LAS VEGAS (FOX5) -- Nevada lawmakers will kick off January 2020 with tackling an issue in states where marijuana is legal: How much can one safely consume and drive?
Starting Jan. 17, the "Committee to Conduct an Interim Study of Issues Relating to Driving Under the Influence of Marijuana" will meet and look at Nevada's current legal THC limit and if any changes should be made.
THC stands for tetrahydrocannabinol, the main psychoactive ingredient in marijuana.
The Legislature approved the creation of the committee last June with Assembly Concurrent Resolution 7 and appointed several lawmakers from the assembly and senate.
The current legal limit for marijuana in drivers' systems is two nanograms of THC or Delta 9; doctors say a small amount of consumption can put a driver at or over that limit, but the effects on drivers can vary per individual.
"In the end, the goal is public safety. We want to make sure we have people not on the roads when they're impaired," said State Senator Scott Hammond, District 18, representing the Centennial Hills and northwest Summerlin area of Clark County.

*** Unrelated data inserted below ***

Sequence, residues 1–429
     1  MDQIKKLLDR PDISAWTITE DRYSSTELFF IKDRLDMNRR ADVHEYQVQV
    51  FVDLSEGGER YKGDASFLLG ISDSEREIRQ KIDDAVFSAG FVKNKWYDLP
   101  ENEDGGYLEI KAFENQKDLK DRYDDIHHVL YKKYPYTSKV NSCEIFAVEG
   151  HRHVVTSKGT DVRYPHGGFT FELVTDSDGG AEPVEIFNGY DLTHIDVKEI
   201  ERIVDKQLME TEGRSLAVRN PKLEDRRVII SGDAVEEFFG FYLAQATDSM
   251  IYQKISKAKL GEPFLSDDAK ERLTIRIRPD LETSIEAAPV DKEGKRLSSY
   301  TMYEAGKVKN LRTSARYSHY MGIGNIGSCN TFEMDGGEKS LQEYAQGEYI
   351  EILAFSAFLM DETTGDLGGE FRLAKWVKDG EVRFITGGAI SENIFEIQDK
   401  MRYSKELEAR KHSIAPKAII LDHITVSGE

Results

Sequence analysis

The Nevada Office of Traffic Safety reported 70 crashes in 2018 involved someone with a varied amount of marijuana in their system, whether it involved a driver, pedestrian or bicyclist. Of those 70 crashes, 22 of those crashes only involved marijuana, while the rest involved another impairing substance.
Hammond said lawmakers plan to hear from doctors, policy analysts researching data from other states where medicinal or recreational marijuana is legal, and learn about new technology to detect if drivers are impaired.
The committee will have a policy recommendation ready by the time the Legislature starts its new session.
The first meeting for the committee is Jan. 17, in room 4412 of the Grant Sawyer State Office Building, 555 E. Washington Ave.